Gov. John Bel Edwards announced plans Wednesday for spending about $350 million in coastal dollars, including money to accelerate a nearly half-century-old project to protect LaPlace and nearby areas.
Most of the money – nearly $300 million – is from a federal revenue source of offshore oil and gas money called the Gulf of Mexico Energy Security Act, or GOMESA.
The other $55 million, including dollars for the long-delayed $760 million West Shore Lake Pontchartrain hurricane protection project, is state surplus money that requires legislative approval. Local and federal officials announced in August that they hope to finish that levee system by 2023, with federal funds accounting for 65 percent of the pricetag.
Officials said Monday that they are aiming to complete construction of a new federal levee system protecting LaPlace and surrounding areas by …
Edwards said that, in the next 12 months, $120 million in federal dollars will be spent to protect lives in south Louisiana. "This is a threat to two million people who live and work along the coast," he said.
The governor said he wants to use $30 million of the $55 million in surplus dollars for the West Shore project.
Chip Kline, named by the governor on Wednesday as executive assistant for coastal activities, said the work was authorized for study in 1971 "and the hard working people of this region have been waiting to see progress ever since."
"When the federal government recently made the full cost to construct the project available to the (U. S. Army) Corps, we were determined to meet the state's obligations on the lands side as quickly as possible in order to keep this project on schedule, so we can better protect the people of this region," Kline said.
Oscar Velasquez said he moved to LaPlace in 2002 because he was tired of dealing with flooding in Metairie.
The work envisioned includes a levee system on the east bank of the Mississippi River from the Bonnet Carré Spillway in St. Charles Parish to the Hope Canal in St. John the Baptist Parish.
Edwards proposed using the rest of the surplus dollars to restore $15 million previously used by former Gov. Bobby Jindal's administration and $10 million for ongoing coastal restoration projects.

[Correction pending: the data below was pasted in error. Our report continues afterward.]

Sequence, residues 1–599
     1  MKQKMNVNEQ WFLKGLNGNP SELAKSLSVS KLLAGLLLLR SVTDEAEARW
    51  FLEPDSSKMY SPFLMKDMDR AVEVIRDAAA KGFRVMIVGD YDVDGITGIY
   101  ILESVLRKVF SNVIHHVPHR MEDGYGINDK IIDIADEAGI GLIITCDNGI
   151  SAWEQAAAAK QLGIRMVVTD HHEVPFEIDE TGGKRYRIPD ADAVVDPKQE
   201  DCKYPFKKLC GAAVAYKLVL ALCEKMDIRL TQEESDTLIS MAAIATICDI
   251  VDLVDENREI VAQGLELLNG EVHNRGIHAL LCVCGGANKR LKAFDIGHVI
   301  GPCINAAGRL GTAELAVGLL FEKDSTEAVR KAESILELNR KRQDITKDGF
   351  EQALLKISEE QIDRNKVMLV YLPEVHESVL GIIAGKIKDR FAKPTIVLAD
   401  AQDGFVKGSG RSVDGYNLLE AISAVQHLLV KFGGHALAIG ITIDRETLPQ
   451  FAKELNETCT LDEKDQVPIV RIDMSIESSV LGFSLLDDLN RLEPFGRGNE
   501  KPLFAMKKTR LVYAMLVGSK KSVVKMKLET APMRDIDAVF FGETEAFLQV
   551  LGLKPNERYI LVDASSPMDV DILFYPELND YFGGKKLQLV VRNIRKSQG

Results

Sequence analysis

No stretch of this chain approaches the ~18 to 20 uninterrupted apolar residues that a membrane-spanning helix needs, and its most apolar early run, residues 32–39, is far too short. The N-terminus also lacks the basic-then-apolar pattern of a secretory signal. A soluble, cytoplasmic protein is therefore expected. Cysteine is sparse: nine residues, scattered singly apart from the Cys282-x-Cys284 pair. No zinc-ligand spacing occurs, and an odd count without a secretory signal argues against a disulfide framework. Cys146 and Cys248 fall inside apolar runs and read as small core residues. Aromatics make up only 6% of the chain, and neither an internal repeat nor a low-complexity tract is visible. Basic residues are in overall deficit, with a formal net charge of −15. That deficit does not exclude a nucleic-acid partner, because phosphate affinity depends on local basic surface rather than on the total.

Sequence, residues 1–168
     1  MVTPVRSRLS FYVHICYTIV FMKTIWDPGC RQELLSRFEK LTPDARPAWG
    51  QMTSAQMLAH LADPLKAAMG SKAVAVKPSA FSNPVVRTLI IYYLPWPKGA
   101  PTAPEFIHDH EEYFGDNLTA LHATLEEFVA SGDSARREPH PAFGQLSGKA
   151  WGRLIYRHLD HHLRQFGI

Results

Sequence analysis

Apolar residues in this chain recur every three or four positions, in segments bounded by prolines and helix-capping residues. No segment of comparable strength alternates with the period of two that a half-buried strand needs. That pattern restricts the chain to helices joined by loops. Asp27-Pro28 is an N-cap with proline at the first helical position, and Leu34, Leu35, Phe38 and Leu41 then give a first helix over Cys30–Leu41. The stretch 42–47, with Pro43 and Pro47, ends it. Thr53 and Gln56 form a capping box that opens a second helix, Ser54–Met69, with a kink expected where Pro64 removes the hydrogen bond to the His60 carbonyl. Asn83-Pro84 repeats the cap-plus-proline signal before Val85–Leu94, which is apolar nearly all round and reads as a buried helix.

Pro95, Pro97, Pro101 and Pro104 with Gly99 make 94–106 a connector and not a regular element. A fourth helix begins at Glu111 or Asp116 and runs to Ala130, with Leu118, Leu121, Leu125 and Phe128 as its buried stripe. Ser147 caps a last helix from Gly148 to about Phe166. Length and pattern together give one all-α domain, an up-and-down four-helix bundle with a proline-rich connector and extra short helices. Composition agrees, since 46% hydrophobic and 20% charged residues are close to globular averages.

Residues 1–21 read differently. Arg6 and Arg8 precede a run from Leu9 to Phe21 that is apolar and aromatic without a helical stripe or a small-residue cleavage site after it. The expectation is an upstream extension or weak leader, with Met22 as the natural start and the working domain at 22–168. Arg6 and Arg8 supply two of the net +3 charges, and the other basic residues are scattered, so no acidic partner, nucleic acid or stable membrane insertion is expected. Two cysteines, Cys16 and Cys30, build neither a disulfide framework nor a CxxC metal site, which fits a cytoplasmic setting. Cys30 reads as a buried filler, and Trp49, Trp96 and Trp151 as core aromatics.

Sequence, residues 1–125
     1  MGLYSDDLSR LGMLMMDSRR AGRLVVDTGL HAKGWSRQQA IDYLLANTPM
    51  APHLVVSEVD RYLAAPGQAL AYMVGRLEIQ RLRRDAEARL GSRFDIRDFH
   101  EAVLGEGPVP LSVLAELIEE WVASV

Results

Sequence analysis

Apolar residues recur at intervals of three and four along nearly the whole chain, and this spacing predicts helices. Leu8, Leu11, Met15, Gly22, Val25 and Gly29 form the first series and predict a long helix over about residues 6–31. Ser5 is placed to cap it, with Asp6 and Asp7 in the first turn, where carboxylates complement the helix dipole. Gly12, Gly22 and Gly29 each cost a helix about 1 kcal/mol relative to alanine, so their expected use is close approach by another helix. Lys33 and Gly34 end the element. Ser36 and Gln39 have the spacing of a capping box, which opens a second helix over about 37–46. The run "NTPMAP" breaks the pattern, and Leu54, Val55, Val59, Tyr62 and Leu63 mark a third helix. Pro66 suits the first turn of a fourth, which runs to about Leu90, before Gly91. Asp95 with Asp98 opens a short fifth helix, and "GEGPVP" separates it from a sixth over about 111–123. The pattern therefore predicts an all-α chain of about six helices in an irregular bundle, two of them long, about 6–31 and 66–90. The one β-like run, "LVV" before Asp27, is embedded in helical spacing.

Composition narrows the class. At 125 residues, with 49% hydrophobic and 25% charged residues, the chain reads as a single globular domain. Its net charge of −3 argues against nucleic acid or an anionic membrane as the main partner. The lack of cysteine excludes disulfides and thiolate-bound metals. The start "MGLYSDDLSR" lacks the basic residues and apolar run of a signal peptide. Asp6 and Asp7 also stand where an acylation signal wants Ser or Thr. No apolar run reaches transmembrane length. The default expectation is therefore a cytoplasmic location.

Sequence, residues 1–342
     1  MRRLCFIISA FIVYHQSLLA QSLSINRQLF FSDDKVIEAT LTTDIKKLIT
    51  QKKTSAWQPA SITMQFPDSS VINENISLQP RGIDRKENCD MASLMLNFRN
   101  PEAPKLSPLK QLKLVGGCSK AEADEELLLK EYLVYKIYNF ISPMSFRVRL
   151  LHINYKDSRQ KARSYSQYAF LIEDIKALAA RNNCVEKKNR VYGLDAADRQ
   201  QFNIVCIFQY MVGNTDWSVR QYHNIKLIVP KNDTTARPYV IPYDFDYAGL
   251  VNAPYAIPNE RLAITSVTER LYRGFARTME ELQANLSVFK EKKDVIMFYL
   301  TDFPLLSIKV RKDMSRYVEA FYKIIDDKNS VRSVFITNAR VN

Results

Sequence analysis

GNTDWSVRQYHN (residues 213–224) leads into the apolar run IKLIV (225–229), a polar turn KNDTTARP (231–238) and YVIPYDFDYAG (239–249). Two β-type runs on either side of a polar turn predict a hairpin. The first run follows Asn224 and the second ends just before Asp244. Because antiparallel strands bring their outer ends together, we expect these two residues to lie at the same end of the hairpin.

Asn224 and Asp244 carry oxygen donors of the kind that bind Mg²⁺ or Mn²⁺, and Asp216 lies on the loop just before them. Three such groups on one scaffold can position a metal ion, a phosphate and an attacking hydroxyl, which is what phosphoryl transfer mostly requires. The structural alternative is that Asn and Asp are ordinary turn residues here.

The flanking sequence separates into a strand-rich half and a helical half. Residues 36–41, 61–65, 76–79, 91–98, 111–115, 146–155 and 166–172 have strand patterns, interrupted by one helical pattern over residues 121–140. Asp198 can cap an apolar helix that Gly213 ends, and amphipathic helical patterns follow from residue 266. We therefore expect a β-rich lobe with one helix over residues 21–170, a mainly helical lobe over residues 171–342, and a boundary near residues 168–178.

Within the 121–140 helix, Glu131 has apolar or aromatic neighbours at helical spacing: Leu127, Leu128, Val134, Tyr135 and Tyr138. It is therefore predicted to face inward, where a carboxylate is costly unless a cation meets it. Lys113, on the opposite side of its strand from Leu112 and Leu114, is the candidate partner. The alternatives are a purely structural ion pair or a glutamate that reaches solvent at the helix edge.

The federal dollars will be used over three years.
Other projects include $35 million for a critical pump station in Bayou Lafourche that provides freshwater to marshes in the parish; $75 million to finish the design and construct the Bayou Chene flood control system mostly in St. Martin Parish; and $22 million to build or improve levees and parts of the Morganza Spillway to the Gulf Hurricane Protection System in Terrebonne and Lafourche parishes.
Also, $9 million to design the Slidell ring levee; $10 million for levee repair work in Grand Isle; and $7.5 million for drainage canal relocation as part of the New Orleans to Venice hurricane protection system in Plaquemines Parish.
In a statement, Kimberly Reyher, executive director of the Coalition to Restore Coastal Louisiana, praised the governor's proposal to replenish the Coastal Trust Fund with part of the state surplus.
Reyher added, "It is important that Louisiana receive its share of the promised GOMESA funding. This money is long overdue, but we are finally receiving some benefits for helping power our nation."
She said, "This money is crucial to help our coastal communities mitigate the risk that we face from rising seas and destructive storms that will continue to batter our coast."
The America's WETLAND Foundation also praised efforts to return dollars to the Coastal Trust Fund.
"The dollars will now go where they were meant to go – to critically needed coastal restoration projects," according to a statement released by the Baton Rouge-based group.
A handful of state lawmakers attended the announcement, including Senate President John Alario, R-Westwego.
Said Edwards, "I made a commitment that under my watch coastal dollars would be used for coastal projects."
"Given the opportunity to return funding that never should have been taken is one wrong I am happy to right," Edwards said.
Like nearly everyone living in south Louisiana, my life has been punctuated by natural disasters. Who would have thought that the young man wh…
Kline, who has held the job on an interim basis, will also be chairman of the Coastal Protection and Restoration Authority and succeeds Johnny Bradberry.
"It is a responsibility I do not take lightly," he said.
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